Brian Cowen would look great with a soft perm, don’t you think? He would cut a dash in a pair of bottle green, high-waist parallels or snugly fitted into a Bay City Rollers bomber jacket.
In fact, he should have turned up to the Dail last Wednesday in full 1970s regalia to a backing trackof Noddy Holder belting out Slade’s Merry Christmas Everybody. Make no mistake about it: this was a 1970s budget, and the Minister for Finance could at least have dressed accordingly.
The latest budget is not 1970s in its thinking, but rather in its targeting. For the first time ever, we have a budget that homes in on a generation, rather than a social class.
Traditionally, a budget was directed at the poor, the sick or income inequality. It might also have been used to rebalance rural and urban divides or sectoral concerns.
But last week we had an explicit policy tailored to a specific demographic over and above all others. This group is neither poor nor destitute. This generation is the richest of its kind that this country has ever seen.
And for the first time since the United Irishmen rebellion of 1798, this generation can live and work in the same country as its parents.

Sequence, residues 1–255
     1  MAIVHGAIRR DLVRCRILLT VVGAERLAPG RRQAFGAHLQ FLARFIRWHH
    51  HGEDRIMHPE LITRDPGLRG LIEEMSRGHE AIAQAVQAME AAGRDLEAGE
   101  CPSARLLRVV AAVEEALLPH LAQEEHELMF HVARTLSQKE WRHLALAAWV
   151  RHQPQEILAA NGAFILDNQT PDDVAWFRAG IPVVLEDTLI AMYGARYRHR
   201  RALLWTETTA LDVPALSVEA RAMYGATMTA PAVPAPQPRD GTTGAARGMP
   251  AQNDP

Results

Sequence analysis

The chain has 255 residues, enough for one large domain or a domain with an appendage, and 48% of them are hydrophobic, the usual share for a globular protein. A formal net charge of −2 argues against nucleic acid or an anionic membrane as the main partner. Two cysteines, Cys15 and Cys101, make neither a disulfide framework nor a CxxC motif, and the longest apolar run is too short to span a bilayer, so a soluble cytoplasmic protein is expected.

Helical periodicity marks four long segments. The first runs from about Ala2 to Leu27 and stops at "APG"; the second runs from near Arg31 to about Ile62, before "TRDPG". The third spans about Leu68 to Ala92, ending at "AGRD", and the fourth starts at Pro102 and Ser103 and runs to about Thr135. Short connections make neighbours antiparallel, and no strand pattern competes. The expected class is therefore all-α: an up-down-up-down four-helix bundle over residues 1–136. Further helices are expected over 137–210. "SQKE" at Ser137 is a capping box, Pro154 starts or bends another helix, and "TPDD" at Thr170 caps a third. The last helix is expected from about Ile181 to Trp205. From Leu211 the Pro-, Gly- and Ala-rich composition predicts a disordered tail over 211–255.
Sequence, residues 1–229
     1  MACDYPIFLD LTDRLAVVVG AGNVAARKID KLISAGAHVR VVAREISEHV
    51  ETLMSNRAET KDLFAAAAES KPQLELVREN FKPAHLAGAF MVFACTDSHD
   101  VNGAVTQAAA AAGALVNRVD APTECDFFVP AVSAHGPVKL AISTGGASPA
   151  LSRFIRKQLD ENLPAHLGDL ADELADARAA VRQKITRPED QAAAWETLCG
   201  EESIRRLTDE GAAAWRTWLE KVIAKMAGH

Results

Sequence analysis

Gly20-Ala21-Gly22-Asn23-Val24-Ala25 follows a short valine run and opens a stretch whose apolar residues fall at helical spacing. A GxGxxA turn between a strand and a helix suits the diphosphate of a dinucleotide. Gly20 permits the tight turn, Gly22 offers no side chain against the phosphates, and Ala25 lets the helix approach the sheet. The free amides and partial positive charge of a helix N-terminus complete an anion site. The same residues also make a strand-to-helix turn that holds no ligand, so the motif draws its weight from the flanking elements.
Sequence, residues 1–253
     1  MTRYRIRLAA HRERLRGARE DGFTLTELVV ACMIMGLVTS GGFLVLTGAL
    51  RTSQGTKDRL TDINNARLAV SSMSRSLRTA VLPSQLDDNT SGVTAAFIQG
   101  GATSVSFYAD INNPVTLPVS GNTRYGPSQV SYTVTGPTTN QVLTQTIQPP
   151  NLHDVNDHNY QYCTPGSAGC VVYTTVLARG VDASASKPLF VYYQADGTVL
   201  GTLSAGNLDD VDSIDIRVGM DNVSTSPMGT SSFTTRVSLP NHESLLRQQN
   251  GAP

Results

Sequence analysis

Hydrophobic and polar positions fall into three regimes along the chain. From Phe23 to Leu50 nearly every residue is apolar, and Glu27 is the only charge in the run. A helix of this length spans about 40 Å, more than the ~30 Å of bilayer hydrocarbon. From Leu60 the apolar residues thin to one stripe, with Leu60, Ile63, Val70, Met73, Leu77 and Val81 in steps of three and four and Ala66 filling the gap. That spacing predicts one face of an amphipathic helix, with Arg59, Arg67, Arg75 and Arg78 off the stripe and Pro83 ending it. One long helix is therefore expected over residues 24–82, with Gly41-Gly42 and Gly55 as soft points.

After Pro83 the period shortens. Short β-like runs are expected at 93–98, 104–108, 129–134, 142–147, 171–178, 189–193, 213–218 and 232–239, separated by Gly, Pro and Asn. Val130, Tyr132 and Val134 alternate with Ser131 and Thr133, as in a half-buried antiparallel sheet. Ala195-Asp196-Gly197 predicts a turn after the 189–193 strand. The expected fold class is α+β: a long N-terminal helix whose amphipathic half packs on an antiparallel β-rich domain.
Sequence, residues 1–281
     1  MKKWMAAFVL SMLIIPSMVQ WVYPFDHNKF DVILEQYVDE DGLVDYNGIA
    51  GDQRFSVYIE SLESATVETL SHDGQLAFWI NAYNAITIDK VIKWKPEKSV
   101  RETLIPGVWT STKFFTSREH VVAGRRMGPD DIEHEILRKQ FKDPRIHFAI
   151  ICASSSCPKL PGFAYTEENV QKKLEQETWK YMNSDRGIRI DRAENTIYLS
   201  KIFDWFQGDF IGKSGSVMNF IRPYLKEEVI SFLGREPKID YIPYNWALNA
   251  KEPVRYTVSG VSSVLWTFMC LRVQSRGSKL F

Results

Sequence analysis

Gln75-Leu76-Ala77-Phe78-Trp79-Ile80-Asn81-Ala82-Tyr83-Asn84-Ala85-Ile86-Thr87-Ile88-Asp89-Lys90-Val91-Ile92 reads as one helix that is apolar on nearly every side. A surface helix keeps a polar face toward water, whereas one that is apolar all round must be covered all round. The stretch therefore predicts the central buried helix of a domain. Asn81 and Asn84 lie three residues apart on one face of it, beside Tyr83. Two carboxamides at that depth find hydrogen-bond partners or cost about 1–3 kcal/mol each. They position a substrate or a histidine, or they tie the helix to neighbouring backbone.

The target of the budget was the generation born during the baby boom of the 1970s.This baby boom, the biggest since before the Famine, peaked in the last weekend of June 1980, nine months to the weekend after Pope John Paul II kissed the tarmac.
These are the Pope’s Children. There are 620,000 of them and they are the future of the country. One generation on, we are also seeing what could be termed the Pope’s echo, which is a second baby boom.
As you can see from the chart, the second baby boom kicked off in the second half of the 1990s, just as the oldest Pope’s Children were nesting. Unlike their parents, the Pope’s Children are having much smaller families, many having just one child. This new baby carries the hopes, dreams and creche bills of the Pope’s Children. Let’s call her Destiny’s Child.
The minister’s budget was aimed at bribing the Pope’s Children via subsidies for Destiny’s Child. But why the minister’s concern now? A quick look at voting patterns reveals that the Pope’s Children do not vote. They have opted out.
Voting patterns in Ireland are odd.